Africans In America


Egungun Festival of Nigeria’s Yoruba Ancestors

Chief Modupe Opeola (third from left), head of the Yoruba Kabbalah Ogbe Ate House which is the temple that hosting the Egungun Initiation and Celebration September 2009. Oakland resident Brenda Hudson (4th from right), Egbedokun and Elebiti, chief Egungun Priest in Modakeke.
“Ato” (left) and Egbedokun singing to the masquerader in preparation for the procession and Elebiti.

Elebiti (in green) and Egungun masquerader is being led from the temple beginning the procession. The man in Blue is the head of Egungun worshippers in the Ile-Ife city of Nigerian.
The Egungun is a secret society among the Yoruba people of Ibadan, Oyo, and Modakeke, Gbongan Osun State, Nigeria. The major Egungun festival takes place in June, when members of the society come to the market place and perform masked dances. The masks represent ancestral spirits. It is considered dangerous to see any part of the man who is wearing the mask. The dancing masqueraders have their own drummers and entourage of chanting women and girls. The festival climaxes with the appearance of Andu, the most powerful mask. It is believed that the spirits of the deceased possess the masqueraders while they are dancing, and although it promotes a feeling of oneness between the living and the dead, the festival also inspires a certain amount of fear.Part I By Kayode Gbadebo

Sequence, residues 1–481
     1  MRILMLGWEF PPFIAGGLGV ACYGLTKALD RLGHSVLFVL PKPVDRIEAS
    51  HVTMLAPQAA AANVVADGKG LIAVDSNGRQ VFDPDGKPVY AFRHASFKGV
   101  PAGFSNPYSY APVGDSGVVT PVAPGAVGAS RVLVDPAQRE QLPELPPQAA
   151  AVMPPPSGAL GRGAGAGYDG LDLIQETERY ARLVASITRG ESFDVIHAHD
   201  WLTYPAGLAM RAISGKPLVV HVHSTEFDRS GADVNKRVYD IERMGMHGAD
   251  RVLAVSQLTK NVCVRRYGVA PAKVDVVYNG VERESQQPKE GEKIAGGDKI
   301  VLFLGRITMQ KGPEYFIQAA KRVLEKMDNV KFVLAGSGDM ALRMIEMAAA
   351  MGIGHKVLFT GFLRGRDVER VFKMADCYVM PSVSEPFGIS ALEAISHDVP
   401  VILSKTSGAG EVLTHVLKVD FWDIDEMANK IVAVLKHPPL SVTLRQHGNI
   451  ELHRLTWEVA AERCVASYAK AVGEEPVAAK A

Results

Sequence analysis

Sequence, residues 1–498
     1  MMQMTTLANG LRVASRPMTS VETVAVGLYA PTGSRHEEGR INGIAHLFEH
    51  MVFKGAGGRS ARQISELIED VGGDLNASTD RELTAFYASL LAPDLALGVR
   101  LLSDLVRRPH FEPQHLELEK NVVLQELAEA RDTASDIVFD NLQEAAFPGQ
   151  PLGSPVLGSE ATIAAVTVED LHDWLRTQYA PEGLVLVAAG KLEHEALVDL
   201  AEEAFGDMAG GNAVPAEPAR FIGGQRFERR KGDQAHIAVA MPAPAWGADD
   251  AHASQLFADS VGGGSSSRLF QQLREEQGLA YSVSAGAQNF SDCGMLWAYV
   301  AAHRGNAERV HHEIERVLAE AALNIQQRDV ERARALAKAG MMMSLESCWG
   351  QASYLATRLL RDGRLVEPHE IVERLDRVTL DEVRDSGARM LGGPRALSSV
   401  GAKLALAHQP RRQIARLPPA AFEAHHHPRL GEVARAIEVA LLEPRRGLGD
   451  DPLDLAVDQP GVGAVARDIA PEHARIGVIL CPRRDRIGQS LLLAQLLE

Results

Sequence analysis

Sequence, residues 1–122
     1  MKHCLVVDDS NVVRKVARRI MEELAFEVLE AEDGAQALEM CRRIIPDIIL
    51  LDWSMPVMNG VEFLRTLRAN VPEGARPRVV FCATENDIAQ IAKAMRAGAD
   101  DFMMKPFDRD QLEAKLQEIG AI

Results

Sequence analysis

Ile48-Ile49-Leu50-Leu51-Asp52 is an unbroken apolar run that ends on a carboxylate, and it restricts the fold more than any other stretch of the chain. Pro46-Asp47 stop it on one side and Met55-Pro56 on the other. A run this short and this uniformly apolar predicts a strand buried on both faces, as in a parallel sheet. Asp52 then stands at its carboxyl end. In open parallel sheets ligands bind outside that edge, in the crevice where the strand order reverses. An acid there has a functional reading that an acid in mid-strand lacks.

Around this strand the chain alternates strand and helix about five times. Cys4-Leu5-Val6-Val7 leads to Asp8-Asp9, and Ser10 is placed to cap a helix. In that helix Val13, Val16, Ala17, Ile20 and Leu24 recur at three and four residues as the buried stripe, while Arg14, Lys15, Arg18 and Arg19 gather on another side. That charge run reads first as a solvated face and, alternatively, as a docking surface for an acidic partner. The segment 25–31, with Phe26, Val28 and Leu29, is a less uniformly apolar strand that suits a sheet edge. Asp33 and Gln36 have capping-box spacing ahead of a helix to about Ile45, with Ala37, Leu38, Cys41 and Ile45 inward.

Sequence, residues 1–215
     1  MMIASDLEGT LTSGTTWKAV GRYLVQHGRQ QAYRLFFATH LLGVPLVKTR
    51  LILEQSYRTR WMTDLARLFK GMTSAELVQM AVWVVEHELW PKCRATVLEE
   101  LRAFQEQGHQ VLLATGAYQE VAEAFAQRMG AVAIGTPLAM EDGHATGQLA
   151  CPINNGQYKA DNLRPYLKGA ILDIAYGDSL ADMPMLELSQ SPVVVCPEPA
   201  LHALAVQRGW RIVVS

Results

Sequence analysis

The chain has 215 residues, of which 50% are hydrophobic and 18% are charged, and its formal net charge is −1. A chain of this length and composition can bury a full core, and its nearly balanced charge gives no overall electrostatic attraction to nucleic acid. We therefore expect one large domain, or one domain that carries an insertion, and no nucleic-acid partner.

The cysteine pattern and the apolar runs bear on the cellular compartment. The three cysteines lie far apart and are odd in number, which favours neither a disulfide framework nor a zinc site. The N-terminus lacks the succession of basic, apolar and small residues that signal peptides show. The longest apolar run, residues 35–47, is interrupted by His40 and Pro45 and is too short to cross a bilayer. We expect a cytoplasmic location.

This column is an attempt to inform and educate on Ifa/Orisa spirituality with an understanding that belief and faith is a personal journey. We would probably cross the spiritual aisle in our discourse on faith or belief across the world. The Egungun (Ancestor) festival is usually organized collectively when the spirits of the ancestors share physical fellowship with relatives on earth. In many communities across Yoruba land, Egungun festivals last variously between seven to 21 days. Egungun spirits may be called upon from the Ojubo (hallowed ground) whenever needed for divine intervention. Every community is involved in Egungun worship since everybody has ancestors in the great beyond. Men are generally more exposed to Egungun mystery than women, and secrets are usually restricted to members. Egungun rites may be celebrated either formally or informally, but usually formally in matters dealing with the whole communities. Women may be initiates of Egungun mystery and are not to divulge the secrets of the cult. Women earn titles like Iyamode, Yeyesorun and Ato. Ato is an initiated member of the cult. Every female child born with her cord placed on her chest like Atori (whip) is called Ato. Ato could also be a child born with the membrane covering her head like mask. If a male, he will be called Amusan. The third child of a triplet is naturally called Ato. Odu Oturupon Meji claims when a man dies the corpse is buried, but the spirit joins the ancestors to become Egungun. Egungun is clothed from head to toe revealing no part of the body just like a corpse. Next: Yoruba belief in life after death.